While the Clinton Administration prepares to defend its Drug War efforts against attack from the right, the decision, made last week (4/20), against lifting the ban on the use of federal anti-AIDS funds for syringe exchange has apparently broken the dam and unleashed, if not a torrent, then at least a stream of dissent from the President's left. This backlash has come specifically from officials and organizations concerned over the Drug War's devastating impact on poor and minority communities.

In an open letter to President Clinton, signed by an impressive list of national leaders, including Maxine Waters, Chair of the Congressional Black Caucus, and the presidents of the NAACP and the Mexican Legal Defense and Education Fund, the call was raised for a total elimination of the 100-1 sentencing disparity between powder and crack cocaine. And while that disparity is the focus of the letter, the issue of the Drug War's disparate overall impact, as well as its reliance on incarceration, are also addressed. It reads in part:

"The American anti-drug effort's focus on imprisonment over treatment and its targeting of small-scale African American and Latino drug offenders has devastated minority communities and raised public concern about the injustice of mandatory minimum sentencing." The letter goes on to cite a 1997 Rand Corporation study which shows the relative cost-effectiveness of drug treatment over either mandatory minimum sentencing or standard policing.


The first hints that this battle over the Drug War was looming came in February, when the Clinton Administration released its 1998 Drug Strategy, including a 10-year plan to reduce illegal drug consumption by 50 percent (http://www.drcnet.org/rapid/1998/2-13.html#ondcp). That plan was attacked by Gingrich and other Republicans as "weak", and they vowed to craft a plan to "win" the war in 4 years (http://www.drcnet.org/rapid/1998/2-20.html#gingrich and http://www.drcnet.org/rapid/1998/2-20.html#editorial).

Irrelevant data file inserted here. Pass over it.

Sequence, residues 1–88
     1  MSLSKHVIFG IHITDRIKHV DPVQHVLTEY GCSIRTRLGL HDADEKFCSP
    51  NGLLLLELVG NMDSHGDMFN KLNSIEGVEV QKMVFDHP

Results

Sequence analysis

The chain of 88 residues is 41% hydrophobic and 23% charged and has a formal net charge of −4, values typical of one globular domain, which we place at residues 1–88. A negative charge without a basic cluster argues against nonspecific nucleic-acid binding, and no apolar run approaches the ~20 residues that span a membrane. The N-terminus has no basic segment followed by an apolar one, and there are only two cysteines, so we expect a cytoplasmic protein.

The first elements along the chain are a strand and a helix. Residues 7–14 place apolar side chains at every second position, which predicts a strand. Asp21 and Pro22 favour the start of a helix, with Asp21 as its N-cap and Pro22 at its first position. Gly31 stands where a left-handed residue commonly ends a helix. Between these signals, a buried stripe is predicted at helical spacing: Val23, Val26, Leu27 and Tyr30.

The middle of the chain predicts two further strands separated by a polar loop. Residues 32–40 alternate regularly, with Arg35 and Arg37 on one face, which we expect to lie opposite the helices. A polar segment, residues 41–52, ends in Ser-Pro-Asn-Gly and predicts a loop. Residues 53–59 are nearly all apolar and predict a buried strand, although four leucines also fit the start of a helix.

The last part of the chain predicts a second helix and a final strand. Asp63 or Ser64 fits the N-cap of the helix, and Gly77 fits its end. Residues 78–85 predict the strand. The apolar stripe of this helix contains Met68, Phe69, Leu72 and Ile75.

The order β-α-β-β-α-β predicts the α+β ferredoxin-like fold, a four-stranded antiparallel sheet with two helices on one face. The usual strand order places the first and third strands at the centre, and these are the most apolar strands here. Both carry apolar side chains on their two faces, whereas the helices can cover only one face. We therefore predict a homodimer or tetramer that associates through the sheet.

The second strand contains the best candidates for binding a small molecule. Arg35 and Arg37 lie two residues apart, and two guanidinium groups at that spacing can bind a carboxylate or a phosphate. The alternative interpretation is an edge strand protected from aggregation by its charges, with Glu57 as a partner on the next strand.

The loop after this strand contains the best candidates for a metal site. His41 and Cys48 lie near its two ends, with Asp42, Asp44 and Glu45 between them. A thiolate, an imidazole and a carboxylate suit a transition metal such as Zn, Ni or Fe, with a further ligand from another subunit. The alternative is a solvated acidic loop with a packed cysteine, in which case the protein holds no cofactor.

If Gingrich's four-year plan sounds ambitious, it is perhaps less so than the goal laid out by Rep. Bill McCollum (R-FL), the Task Force Co-Chairman, who is focusing his efforts on the supply-side. McCollum's stated goal is to reduce the amount of drugs entering the U.S. by 80% in just three years. McCollum has been pushing in recent weeks for increased military aid to Colombia, and observers of the region worry that the U.S. is backsliding into an unwinnable quagmire in that nation's 35 year-old civil war (http://www.drcnet.org/rapid/1998/3-27.html#colombia).

As noted above, Speaker Gingrich made overt reference during this week's press event to the possibility of a war-weary public joining "the movement to legalize drugs." This backhanded reference to the growing strength of the anti-war movement was widely noted among reformers.

Ty Trippet, spokesman for The Lindesmith Center, a drug policy think tank, told The Week Online, "It's interesting to hear Newt Gingrich admit to his fear of the reform movement. For those who are professionally and politically wedded to the idea of war at all costs as the solution to the problems associated with substance abuse, it would be hard not to notice that around the world, alternatives to punitive prohibition are being sought."

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Issue #40, 5/3/98 DRCNet Special Report: Drug War Under Fire from Left, Right -- The Battle Begins | Members of Congressional Black Caucus Call for Drug Czar's Resignation over Syringe Exchange | Kemba's Nightmare, Part II | Marijuana Activist Arrested after Appearing on Frontline | Medical Marijuana in California | Julian Heicklen: Penn State Protest Update | Opiate Maintenance Conferences in New York | Editorial: Prohibition's Final Battle